What’s needed to become Leaner is to imagine a slightly better state and go for it by addressing the root causes of barriers that prevent you from getting there. On the way, you’re teaching improvement and you enhance people’s creativity and ingenuity. When you reach that state, you want them to be slightly more autonomous.

The best way to start is with a vanguard team, one that includes the Site Director. There must be a long term challenge that will be used as an opportunity to teach how to improve. The goal is not only to improve but, as mentioned, to create autonomy. Imagine, for example, a packing line that must reach 90% OEE in the next three years in order to cope with increasing demand. A challenge and an opportunity for the vanguard team to assemble and start teaching improvement. It’s no surprise that the team will start by observing the process and imagining a better state that it will then pursue.

In the particular packing line example, the team sees somewhat long changeovers, a bit of confusion when it comes to addressing minor stoppages, irregular maintenance and non-standard ways of running the line. They think the process can be in a better state in 6 weeks. In this healthier state, changeovers take half the time, there is a clear way of dealing with stoppages, an autonomous maintenance schedule is followed (while at the background a full TPM programme is designed), and standard work is followed as a matter of course. The journey to this improved state of affairs will be obstructed by various roadblocks, both physical (i.e., machine design) and mental (change resistance). But this is how people will get better; by demolishing those blocks.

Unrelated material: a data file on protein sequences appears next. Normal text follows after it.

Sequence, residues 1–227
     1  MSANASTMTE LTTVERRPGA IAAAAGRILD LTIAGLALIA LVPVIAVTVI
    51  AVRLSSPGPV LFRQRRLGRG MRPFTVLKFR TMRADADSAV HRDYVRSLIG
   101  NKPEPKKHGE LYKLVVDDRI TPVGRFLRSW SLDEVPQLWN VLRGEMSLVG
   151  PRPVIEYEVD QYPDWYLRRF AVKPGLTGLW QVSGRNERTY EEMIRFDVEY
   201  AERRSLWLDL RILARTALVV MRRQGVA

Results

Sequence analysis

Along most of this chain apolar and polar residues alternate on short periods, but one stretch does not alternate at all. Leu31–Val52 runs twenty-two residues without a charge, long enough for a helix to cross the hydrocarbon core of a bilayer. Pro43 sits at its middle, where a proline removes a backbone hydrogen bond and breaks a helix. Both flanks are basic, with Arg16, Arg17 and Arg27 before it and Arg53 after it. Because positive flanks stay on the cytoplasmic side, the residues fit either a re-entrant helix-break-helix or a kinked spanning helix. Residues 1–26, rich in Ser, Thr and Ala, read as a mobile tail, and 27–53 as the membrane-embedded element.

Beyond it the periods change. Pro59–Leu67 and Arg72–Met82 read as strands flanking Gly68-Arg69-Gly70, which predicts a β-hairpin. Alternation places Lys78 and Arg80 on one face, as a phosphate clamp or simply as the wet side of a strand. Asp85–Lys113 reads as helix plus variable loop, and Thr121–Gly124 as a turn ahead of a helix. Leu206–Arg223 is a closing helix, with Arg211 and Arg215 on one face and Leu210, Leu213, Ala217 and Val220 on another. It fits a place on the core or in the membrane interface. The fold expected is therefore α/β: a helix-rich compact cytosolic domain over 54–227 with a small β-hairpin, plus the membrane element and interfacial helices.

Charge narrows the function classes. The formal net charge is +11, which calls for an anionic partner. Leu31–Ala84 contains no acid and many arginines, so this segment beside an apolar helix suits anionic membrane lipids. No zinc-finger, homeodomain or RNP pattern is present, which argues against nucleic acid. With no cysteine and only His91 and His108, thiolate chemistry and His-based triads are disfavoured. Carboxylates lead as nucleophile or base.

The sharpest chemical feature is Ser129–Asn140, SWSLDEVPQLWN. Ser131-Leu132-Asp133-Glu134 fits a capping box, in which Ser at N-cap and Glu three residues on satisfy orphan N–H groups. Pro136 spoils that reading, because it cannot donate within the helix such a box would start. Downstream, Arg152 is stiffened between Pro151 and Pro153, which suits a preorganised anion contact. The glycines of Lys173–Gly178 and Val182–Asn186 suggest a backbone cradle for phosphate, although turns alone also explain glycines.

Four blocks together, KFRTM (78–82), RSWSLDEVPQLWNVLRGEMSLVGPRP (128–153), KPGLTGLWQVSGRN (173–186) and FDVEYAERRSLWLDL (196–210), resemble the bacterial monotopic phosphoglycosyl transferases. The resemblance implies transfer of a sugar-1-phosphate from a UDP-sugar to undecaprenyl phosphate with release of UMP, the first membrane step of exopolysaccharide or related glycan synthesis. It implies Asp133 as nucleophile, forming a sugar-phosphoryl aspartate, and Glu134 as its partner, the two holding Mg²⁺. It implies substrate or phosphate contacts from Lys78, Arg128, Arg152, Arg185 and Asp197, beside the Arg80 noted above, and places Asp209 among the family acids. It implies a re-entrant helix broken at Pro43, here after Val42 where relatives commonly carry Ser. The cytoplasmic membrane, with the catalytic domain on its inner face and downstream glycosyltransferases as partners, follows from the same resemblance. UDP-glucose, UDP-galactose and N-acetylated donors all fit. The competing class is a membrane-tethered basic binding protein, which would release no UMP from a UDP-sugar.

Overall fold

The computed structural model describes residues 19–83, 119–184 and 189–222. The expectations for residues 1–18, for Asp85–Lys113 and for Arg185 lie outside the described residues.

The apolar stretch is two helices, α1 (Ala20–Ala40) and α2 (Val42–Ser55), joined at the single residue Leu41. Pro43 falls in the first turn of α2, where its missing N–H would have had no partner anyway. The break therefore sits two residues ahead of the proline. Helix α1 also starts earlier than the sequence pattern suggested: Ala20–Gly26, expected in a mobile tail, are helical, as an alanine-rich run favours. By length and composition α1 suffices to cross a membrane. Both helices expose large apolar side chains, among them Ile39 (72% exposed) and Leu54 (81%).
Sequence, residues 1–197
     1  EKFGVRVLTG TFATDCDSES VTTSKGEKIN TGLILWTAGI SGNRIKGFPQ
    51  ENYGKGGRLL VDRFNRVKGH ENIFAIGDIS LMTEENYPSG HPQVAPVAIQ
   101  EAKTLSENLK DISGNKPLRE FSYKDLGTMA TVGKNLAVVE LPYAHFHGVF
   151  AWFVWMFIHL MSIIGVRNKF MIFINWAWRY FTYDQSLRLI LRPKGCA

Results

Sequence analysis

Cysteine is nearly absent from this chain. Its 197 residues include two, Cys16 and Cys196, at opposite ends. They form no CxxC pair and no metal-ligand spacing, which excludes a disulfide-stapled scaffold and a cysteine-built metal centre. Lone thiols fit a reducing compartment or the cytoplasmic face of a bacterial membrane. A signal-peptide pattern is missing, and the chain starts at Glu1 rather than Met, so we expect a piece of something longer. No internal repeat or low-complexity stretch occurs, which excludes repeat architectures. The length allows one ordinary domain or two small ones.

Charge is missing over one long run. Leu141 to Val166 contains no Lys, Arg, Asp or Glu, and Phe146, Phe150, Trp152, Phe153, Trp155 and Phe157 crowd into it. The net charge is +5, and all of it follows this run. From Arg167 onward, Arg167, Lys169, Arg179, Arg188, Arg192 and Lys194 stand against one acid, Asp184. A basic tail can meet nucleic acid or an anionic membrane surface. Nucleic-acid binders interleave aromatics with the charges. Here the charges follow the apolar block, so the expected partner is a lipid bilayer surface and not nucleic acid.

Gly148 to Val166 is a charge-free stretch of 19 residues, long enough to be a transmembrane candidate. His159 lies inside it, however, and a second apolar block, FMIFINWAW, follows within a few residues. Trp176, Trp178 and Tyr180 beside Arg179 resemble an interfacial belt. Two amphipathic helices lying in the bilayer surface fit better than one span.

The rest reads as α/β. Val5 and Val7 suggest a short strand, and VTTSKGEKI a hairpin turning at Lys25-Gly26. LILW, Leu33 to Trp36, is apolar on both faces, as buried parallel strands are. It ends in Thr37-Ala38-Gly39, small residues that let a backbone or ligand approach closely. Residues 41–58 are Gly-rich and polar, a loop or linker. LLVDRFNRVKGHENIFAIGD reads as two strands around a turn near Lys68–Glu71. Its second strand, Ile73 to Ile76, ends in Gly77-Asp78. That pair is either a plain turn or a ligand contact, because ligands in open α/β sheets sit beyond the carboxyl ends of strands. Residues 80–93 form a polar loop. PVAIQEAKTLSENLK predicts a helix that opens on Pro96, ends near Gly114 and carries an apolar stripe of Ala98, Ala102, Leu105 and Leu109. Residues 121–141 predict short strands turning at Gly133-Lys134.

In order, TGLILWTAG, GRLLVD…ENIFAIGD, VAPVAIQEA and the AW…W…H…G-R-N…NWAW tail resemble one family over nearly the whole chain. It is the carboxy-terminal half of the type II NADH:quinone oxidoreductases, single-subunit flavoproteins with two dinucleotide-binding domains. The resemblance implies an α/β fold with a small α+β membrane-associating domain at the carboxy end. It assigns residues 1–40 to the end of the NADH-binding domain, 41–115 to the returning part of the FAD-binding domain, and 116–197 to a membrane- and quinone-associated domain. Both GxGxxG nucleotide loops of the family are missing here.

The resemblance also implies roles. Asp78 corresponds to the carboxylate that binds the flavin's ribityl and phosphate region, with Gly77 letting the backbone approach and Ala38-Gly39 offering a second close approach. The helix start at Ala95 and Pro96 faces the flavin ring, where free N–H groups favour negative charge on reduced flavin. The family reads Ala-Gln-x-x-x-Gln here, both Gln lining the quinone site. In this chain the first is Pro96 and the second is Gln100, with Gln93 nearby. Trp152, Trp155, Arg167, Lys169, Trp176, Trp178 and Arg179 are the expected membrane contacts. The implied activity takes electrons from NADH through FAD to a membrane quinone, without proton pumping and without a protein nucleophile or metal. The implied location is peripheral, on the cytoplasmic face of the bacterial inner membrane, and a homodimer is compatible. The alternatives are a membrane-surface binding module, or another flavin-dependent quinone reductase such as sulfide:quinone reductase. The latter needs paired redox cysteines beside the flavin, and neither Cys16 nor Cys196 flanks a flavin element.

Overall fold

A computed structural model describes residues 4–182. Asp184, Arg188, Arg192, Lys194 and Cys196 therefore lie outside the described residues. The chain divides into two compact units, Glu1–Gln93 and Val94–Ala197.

The role of the vanguard team is to nourish the people involved and teach them how to approach problems, how to analyse them and how to resolve them. There’s no point in giving them the solutions because, remember, in the end you want both a better state and more autonomous people. So, the solutions must come from proper problem solving and trials. Hopefully, those people will be able to use the new way of thinking to keep improving their process and also act as teachers to other teams. Eventually, improving becomes part of everyone’s work. And if everyone’s doing it, the organisation has acquired a new culture. Organisations with the culture of improvement will go a long way.

So, to go back to the original quarrel, how can a manager both deal with the day to day issues and improve her team and process every day? Well, by choosing a better way to deal with the issues, she is doing both. Every problem is an opportunity to teach and learn something new and an opportunity to teach and learn how to get to the underlying causes and eliminate them, whilst moving towards a defined better state. After solving a problem and improving a tad more, the team is better, wiser, and more autonomous. And with hundreds of well educated, autonomous people you have an organisation that will beat all competition.

By Takis Kavvadias

Photo of Takis KavvadiasTakis has been applying Lean and Six Sigma in various companies over the last 8 years. A Master in Industrial Engineering and a Black Belt, he is currently working with GlaxoSmithKline as an Operational Excellence Expert.

Contact him at